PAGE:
Subscribe to My Feed   Follow Me On Twitter   Join Me On LinkedIn   Friend Me On Facebook

Developing a Project Strategy

Eliminating the bad habit of launching every project desired

Developing a Project StrategyThis is the year one of my clients, a senior project director within his organization, decided the company will have a strategy for the projects they complete! A review of projects completed over the last 5 years indicated to them that, while many projects have been successful, many still have not been successful. In further review of the projects that have not been successful, the client noted the following:

  • A number of them never should have been launched as they did not have the resources, budget nor interest to support them and enable for success
  • Others appeared to be planned poorly and failure was attributed to that poor planning
  • One was a pet project that had significant investment money from leadership, but no clear understanding of what it was supposed to accomplish

During a meeting, we discussed the need to prioritize projects. Especially since in the upcoming year the organization had a number of strategic objectives to expand the business into new geographic areas and to launch a number of new products. Previously, projects selected were not “officially” mapped to organizational strategic objectives. In the past, some projects were able to be linked back to strategic long-term goals certainly, others could be “squeezed” to fit, and yet others had no link at all to a strategic long-term goal.

The client decided that in order to reduce the number of projects being done to a manageable amount but to ensure that those projects that were selected enabled for achieving goals, the following should be reviewed for each project before it was launched and resources assigned to it:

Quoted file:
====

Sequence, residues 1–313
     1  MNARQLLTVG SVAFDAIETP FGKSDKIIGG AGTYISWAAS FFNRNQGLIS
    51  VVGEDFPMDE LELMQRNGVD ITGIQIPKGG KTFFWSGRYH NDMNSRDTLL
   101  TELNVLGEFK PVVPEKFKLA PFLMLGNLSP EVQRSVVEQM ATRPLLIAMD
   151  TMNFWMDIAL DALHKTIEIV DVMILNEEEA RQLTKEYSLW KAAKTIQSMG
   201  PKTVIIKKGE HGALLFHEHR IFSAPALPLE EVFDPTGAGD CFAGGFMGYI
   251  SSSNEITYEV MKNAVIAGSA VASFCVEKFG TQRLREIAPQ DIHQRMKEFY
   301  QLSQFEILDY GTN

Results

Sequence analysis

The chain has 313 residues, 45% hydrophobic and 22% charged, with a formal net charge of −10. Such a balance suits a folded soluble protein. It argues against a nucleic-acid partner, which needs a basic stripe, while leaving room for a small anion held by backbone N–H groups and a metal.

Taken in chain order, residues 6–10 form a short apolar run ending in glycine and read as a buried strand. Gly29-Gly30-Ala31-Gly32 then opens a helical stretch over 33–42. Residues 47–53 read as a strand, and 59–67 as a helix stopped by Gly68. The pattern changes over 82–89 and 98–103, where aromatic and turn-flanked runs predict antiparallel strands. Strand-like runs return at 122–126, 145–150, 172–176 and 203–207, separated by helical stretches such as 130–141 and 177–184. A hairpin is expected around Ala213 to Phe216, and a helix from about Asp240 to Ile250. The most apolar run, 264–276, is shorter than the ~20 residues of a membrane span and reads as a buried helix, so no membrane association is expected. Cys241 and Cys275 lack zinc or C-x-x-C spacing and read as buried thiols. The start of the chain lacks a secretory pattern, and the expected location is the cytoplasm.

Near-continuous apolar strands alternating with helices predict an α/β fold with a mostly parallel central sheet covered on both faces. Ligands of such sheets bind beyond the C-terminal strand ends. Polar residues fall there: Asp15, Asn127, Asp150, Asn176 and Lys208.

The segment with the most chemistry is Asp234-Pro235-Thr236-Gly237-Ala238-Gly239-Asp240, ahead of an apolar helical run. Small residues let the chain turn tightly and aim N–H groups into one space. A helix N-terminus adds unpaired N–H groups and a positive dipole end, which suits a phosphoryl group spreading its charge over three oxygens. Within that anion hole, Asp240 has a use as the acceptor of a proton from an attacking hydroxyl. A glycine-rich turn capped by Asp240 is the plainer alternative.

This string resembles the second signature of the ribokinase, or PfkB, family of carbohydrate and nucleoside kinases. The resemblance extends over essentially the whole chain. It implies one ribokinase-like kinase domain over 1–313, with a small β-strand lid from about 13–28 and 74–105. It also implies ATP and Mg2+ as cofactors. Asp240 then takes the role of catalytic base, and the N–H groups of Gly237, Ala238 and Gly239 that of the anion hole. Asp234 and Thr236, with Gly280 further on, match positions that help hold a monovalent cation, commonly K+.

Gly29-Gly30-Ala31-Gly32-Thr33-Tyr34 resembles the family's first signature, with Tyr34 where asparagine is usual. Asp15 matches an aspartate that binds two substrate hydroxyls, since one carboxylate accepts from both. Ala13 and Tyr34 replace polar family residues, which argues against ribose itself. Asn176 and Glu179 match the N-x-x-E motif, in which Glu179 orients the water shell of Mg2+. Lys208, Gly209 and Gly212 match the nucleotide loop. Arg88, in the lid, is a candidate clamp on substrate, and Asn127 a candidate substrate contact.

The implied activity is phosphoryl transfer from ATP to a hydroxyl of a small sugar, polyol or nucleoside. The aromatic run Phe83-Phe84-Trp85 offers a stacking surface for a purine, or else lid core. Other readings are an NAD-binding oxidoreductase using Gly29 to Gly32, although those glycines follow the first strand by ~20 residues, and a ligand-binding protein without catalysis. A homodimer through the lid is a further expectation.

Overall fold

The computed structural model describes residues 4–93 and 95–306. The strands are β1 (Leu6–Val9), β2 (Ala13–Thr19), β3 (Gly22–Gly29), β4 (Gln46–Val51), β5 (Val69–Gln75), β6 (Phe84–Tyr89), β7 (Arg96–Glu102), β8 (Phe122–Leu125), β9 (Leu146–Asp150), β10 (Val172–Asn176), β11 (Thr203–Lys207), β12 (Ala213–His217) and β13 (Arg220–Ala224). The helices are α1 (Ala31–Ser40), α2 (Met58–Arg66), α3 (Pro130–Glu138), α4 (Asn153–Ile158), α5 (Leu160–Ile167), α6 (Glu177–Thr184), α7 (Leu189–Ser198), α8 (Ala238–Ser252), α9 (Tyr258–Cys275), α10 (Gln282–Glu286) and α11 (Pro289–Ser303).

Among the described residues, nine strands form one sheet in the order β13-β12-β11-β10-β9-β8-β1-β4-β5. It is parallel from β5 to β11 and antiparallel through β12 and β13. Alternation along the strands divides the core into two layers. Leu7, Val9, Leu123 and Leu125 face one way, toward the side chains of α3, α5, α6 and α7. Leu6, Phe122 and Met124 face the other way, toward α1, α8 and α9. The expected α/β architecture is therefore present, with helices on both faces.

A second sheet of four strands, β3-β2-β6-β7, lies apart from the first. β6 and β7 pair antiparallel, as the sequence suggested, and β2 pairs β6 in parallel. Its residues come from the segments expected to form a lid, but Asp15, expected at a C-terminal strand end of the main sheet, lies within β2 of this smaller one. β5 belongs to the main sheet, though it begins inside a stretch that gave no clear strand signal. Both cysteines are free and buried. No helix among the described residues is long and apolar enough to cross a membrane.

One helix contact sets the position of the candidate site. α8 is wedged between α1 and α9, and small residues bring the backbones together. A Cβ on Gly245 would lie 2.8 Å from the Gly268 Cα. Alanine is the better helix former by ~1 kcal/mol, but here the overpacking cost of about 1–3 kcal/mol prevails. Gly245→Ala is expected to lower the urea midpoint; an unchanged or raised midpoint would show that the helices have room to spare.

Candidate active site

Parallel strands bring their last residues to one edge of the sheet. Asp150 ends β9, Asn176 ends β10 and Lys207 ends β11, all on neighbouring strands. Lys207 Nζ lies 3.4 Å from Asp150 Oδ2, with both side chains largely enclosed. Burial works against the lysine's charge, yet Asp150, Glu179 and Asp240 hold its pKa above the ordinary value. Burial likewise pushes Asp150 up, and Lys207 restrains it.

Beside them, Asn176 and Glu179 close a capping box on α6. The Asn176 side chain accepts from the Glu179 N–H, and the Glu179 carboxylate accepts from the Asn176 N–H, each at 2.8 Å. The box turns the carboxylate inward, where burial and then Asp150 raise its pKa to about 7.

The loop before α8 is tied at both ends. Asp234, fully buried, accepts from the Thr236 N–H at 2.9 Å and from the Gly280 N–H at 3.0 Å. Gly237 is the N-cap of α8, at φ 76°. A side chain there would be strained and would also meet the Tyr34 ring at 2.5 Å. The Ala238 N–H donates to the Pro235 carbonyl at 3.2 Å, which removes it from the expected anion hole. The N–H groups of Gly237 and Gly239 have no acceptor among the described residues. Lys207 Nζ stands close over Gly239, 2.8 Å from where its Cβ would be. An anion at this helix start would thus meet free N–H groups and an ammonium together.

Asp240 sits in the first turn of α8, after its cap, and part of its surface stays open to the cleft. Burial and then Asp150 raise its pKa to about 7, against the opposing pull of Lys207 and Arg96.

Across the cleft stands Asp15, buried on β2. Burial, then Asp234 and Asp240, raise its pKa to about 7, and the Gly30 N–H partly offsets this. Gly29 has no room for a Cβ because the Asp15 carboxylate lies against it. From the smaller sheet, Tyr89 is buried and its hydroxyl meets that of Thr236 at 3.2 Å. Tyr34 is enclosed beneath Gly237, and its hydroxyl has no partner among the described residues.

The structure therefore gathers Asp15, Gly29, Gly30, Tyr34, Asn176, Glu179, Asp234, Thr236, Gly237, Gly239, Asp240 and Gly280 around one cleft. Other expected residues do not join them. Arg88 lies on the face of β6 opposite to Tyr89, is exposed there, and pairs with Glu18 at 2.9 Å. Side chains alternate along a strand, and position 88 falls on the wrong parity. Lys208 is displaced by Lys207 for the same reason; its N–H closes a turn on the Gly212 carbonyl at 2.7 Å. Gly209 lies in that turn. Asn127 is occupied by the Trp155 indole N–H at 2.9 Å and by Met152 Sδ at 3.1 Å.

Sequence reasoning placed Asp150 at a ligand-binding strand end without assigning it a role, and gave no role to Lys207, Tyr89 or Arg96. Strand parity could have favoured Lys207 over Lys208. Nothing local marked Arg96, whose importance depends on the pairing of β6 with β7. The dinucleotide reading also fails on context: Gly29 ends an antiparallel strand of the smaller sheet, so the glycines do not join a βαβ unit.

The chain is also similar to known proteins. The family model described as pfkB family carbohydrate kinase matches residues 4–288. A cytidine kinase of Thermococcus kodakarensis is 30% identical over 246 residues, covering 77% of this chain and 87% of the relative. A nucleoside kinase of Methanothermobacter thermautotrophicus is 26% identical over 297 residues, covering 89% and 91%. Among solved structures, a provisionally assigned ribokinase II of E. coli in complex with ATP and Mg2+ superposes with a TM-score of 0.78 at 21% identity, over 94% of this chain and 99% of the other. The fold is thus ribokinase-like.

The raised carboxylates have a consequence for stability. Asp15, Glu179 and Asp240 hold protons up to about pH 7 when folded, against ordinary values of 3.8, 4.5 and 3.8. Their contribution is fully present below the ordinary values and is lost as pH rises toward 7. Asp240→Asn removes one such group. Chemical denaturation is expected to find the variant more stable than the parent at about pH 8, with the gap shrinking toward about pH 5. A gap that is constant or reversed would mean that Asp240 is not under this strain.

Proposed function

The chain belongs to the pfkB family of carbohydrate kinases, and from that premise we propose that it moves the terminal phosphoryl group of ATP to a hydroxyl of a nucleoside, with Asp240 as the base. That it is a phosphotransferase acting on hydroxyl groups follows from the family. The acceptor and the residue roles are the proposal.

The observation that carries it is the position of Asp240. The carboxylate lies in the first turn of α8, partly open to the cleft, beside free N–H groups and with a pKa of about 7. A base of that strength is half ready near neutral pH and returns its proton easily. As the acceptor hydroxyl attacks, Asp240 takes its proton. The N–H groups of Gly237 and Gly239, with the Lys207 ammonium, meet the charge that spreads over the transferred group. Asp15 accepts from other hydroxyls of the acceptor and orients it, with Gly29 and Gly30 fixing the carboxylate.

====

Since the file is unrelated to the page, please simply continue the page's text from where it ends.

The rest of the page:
• The project must help to achieve one of the organization’s strategic goals, either in full or in part (in part means it must at least move the goal forward.)
  • Expected project benefits must outweigh the project costs (positive ROI.)
  • The budget exists to complete the project.
  • The proposed scope is achievable.
  • Resources are available to complete the project (with the majority of resources coming from internally.)
  • Technology is available to launch and complete the project.

Projects that meet the requirements above will be further prioritized as follows:



5 (most impact) to 1 (least impact)

  • Increases revenue
  • Improves profitability
  • Reduces expenses
  • Support customer needs/increases customer satisfaction
  • Has a benefit to more than one division/business unit

It was decided among the leadership team that for 2014 this process for selecting and prioritizing projects will be used, with the expectation that it will need to be fine-tuned. However, it is believed this is a good starting point to ensure the right projects are selected. Certainly considering that the organization has not had a way to select and prioritize projects previously, this was a step in the right direction.

Comments are closed.